Testimony before the House Judiciary Committee, Competition and Bankruptcy in the Airline Industry: The Proposed Merger of American Airlines and US Airways

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Congressional Testimony


House Committee on the Judiciary, Subcommittee on Regulatory Reform, Commercial and Antitrust Law


Airline and business group representatives and antitrust analysts testified about the impact on competition and consumers of the proposed merger between American Airlines and U.S. Airways.

"I'm going to talk instead about what I also think is relatively simple, and that is the competitive effects. There isn't time for me really to address it fully, but I will say this. In the written statements that I read last night -- and I read them all -- the most remarkable statement was that, in this merger, among the thousands and thousands of daily flights to cities all across the United States that are controlled by these two carriers, the only overlaps that matter in the whole combined network will be 12 overlaps, 12 flights.

We could delve into some complexities. I'd rather focus on what seems to me simple. We should ask ourselves, among those thousands and thousands of flights, are there really only 12 cities in which these two carriers provide competition with each other that will be lost through this merger? I don't think so.

For a brief introductory analysis to what are the more likely effects, you can look at the white paper produced by the American Antitrust Institute, which is attached to Mr. Mitchell's written statement.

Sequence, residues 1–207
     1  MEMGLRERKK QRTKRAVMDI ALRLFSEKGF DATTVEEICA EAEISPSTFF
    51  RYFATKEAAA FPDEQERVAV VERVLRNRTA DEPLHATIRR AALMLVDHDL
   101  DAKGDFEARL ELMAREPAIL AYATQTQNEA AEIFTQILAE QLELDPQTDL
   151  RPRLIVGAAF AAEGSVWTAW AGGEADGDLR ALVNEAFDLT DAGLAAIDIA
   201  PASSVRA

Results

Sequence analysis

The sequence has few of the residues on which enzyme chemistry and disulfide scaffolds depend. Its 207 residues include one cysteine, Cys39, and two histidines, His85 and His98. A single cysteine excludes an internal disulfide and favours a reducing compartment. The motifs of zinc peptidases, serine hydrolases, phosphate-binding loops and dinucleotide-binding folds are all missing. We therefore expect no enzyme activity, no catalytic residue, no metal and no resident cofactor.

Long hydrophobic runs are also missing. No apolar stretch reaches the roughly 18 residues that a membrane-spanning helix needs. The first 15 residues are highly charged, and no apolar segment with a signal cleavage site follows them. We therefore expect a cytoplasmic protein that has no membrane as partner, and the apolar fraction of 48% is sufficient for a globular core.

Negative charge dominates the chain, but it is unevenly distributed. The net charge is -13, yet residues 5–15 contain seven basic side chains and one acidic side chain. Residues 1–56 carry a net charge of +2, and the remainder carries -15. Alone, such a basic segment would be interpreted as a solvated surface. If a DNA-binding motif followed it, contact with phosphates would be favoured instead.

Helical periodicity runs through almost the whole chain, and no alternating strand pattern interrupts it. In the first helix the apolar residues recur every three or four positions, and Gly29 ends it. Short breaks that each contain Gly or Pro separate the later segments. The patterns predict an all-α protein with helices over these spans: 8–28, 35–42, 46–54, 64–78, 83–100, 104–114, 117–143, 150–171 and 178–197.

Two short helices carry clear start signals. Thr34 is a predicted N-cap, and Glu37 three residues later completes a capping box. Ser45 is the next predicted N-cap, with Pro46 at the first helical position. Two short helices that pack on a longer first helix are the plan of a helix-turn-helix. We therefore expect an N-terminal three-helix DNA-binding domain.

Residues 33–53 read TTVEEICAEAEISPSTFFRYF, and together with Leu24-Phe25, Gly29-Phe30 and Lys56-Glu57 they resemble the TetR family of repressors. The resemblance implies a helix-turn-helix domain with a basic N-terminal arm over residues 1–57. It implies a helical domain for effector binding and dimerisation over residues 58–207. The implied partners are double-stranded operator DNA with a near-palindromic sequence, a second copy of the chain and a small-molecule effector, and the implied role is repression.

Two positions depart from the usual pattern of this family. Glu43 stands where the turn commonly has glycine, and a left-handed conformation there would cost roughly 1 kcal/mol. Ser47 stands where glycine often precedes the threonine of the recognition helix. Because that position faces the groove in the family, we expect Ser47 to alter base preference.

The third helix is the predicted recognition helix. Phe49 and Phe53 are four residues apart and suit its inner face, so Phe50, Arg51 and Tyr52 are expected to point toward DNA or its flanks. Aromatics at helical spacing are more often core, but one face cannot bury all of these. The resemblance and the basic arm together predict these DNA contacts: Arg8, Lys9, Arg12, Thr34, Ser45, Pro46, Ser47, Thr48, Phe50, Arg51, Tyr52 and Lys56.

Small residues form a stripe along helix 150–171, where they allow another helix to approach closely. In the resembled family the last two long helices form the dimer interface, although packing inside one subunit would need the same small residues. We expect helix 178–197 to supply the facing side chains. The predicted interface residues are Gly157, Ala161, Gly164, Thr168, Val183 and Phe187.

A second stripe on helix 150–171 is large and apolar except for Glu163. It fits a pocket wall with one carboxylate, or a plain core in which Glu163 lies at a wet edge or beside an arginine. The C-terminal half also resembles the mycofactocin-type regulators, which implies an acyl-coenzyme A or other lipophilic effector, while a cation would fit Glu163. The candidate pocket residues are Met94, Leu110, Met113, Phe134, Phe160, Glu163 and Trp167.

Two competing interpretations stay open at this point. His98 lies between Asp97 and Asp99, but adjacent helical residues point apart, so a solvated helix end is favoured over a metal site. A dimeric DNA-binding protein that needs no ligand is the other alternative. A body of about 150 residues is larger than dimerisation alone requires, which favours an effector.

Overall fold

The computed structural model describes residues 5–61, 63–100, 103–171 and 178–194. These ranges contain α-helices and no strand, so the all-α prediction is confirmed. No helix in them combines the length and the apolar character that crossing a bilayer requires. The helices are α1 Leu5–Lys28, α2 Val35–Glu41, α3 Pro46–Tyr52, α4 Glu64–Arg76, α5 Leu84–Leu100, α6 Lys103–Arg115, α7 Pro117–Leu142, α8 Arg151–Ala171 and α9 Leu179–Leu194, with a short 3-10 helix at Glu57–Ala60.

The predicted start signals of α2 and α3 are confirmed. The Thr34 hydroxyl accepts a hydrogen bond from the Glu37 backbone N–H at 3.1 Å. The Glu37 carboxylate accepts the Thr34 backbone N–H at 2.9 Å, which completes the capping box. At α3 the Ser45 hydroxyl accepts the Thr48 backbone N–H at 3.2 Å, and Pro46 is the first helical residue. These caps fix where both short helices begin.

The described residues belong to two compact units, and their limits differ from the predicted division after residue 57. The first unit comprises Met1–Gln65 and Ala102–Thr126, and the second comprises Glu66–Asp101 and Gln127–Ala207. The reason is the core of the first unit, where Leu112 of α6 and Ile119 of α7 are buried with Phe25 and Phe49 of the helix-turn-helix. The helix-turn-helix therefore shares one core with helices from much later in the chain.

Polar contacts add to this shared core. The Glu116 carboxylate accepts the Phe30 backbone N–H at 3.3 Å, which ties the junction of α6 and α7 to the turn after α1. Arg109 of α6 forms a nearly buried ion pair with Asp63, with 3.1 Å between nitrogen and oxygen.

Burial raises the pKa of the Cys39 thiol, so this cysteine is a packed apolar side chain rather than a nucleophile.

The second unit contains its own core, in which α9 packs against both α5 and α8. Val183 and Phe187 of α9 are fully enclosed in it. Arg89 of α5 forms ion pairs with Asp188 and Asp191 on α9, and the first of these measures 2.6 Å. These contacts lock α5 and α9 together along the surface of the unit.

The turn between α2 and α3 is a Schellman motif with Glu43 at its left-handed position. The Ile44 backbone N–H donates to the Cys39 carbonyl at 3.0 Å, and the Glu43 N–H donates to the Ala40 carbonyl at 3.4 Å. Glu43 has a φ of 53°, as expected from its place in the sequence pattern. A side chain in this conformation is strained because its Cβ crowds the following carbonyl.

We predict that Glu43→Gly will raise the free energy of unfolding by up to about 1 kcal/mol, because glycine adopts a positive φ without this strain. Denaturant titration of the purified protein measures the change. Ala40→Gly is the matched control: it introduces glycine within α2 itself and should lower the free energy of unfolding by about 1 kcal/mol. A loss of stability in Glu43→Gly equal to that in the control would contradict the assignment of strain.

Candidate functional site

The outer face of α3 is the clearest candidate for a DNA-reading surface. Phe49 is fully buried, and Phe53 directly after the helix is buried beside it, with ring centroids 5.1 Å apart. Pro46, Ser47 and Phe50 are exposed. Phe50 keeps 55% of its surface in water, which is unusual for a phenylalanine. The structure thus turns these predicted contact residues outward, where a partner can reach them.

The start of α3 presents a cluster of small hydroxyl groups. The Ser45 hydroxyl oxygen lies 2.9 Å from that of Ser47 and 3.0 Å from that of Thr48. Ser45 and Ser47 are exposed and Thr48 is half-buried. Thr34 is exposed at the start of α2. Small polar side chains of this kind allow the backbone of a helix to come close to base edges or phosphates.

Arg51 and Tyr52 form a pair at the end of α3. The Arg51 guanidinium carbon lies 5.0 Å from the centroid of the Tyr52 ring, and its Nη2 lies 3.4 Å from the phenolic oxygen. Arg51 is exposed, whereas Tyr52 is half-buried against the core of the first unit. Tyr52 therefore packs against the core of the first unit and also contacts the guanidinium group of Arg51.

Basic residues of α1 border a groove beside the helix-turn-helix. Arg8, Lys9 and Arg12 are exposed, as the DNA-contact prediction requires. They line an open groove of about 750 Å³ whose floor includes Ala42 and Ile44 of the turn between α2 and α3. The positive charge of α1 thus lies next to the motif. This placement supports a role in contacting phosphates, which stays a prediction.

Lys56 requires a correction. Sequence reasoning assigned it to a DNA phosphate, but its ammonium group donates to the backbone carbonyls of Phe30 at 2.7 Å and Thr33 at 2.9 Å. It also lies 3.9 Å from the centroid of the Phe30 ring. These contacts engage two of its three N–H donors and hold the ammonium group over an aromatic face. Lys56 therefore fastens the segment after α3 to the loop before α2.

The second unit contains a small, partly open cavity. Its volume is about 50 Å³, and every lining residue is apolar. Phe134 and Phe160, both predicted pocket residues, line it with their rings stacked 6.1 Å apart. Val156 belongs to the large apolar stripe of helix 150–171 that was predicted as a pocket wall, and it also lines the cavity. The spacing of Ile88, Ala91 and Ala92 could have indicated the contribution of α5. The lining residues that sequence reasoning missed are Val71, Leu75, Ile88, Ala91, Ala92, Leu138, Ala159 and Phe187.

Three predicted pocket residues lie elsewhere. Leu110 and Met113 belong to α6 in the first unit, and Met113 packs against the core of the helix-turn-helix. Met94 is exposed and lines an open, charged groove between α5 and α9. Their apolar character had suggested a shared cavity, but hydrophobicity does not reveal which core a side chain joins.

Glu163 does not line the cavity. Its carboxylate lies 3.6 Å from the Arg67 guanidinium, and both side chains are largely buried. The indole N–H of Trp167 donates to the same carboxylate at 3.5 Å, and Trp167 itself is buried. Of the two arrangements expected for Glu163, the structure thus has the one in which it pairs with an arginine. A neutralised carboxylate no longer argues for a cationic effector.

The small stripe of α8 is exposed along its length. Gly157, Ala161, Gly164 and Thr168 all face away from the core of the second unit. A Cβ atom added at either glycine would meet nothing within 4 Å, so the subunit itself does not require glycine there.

The final thing I'll say -- and, unfortunately, I have a very brief remaining time to say it -- is that a dominating theme of all discussion of airline mergers since deregulation has been the economic difficulties of the carriers. The claim is we have to merge, we have to consolidate to strengthen ourselves so that we can perform.

Here are a few thoughts about that. First of all, the carriers really have never offered any very plausible explanation why merger. It has to be merger that's going to solve our economic problems. They can, and they often have suggested a lot of detailed arguments. But again, I think the response is a relatively simple one, and that is that, well, we've had a long time.

We've had 35 years with dozens of mergers, every single one of which has been sold on the claim that synergies, cost savings, et cetera, are going to make us competitive. It hasn't worked. The airlines have remained -- the latest airlines, at least, have remained mostly economically in dire straits throughout that whole time."


Link is to Professor Sagers' testimony on C-SPAN. Professor Sagers' testimony begins at 43:40